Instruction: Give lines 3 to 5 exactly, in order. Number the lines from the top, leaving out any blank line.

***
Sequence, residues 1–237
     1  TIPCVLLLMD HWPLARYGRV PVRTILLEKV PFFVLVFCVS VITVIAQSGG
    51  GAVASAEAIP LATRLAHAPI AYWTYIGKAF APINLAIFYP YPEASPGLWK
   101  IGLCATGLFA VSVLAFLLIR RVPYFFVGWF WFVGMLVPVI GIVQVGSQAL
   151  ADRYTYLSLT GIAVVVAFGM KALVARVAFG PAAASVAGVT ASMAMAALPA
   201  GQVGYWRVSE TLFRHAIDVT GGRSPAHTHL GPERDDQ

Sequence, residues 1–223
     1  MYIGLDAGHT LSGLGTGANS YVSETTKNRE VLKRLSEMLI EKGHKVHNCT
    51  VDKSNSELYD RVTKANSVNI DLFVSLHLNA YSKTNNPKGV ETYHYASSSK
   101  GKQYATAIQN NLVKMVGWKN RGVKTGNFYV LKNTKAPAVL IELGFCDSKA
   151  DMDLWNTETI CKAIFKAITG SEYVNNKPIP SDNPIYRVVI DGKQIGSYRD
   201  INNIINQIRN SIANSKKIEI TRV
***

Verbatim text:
    51  GAVASAEAIP LATRLAHAPI AYWTYIGKAF APINLAIFYP YPEASPGLWK
   101  IGLCATGLFA VSVLAFLLIR RVPYFFVGWF WFVGMLVPVI GIVQVGSQAL
   151  ADRYTYLSLT GIAVVVAFGM KALVARVAFG PAAASVAGVT ASMAMAALPA